Google Accelerated Mobile Pages Project elaborates on mobile advertising support

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Last October, Google announced that it would be rolling out its Accelerated Mobile Pages Project, an open source project to ensure mobile pages would load instantly on user devices, “soon”. Soon has become February 2016.
Already supported by publishers including BBC, Sankei, New York Times, News Corp, Washington Post, among others, there’s been little doubt that AMP would support ads. Now, Google has confirmed that the AMP community has come together to ensure that AMP would work well with publishers and at the same time leave room for future innovation.
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More precisely, Google says it aims to ensure that ad formats and attribution will work seamlessly with AMP. Among the functions that will be available upon launch this February, publishers will be able to traffic ads with ad servers of their choice, receive support for various demand sources and formats, have control over placements as well as measurements.
Early partner of the AMP Project, Noah Szubski, Chief Product Officer, The Daily Mail, says:
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“Google has been very receptive to feedback throughout the process. They have prioritized partnerships with publishers and our 3rd party partners since the beginning. The industry should be aligned that we need to create better advertising experiences for users. We see AMP as an important early step but expect innovation and for this to be a long term strategy.”

Among the key principles of Google’s work on ads in AMP are ensuring that ads in AMP are as fast as AMP documents. Advertising content should also be beautiful and innovative. The company adds that creatives will need to utilise HTTPS protocol to ensure ads are safe and remains focussed on an approach based on industry participation.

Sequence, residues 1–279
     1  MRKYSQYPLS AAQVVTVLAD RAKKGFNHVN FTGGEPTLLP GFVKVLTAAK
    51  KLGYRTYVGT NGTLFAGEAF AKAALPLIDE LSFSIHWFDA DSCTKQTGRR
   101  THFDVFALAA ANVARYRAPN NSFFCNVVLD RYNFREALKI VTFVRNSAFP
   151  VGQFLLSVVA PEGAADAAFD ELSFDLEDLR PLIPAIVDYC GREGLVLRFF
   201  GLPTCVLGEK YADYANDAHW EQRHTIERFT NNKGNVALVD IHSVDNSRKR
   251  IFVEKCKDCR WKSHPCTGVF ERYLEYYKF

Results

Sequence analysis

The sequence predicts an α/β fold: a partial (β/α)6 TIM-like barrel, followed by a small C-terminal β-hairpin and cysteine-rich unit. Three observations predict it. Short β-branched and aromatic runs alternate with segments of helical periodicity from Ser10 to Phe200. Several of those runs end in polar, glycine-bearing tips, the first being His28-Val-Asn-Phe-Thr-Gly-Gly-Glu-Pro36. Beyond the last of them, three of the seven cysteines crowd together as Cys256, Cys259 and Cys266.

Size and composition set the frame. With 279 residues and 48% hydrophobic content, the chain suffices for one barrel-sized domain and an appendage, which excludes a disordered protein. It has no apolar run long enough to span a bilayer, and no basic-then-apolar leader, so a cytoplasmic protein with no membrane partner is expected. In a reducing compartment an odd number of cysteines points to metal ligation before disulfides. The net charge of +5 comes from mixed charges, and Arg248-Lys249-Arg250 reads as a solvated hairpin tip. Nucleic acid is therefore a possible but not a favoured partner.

In an interview with AdAge recently, Sridhar Ramaswamy, Senior VP-Ads and Commerce, Google, discussed the advantages of AMP for publishers when it comes to viewability and fraud. He says:

“This is where we can leverage the work that we have already done in terms of viewability and make sure it’s kind of built in, say, natively into AMP. There’s a little bit of a game of cat-and-mouse when it comes to these kinds of standards. For example, with spam detection, one has to be careful with how many details one reveals, not because one doesn’t want to reveal the details but because doing that encourages spammers to come up with some other schemes. So you have to be careful of how exactly you shift the technology. But I feel pretty confident the work we’re doing in Active View can be very directly and easily adapted to something like AMP.”

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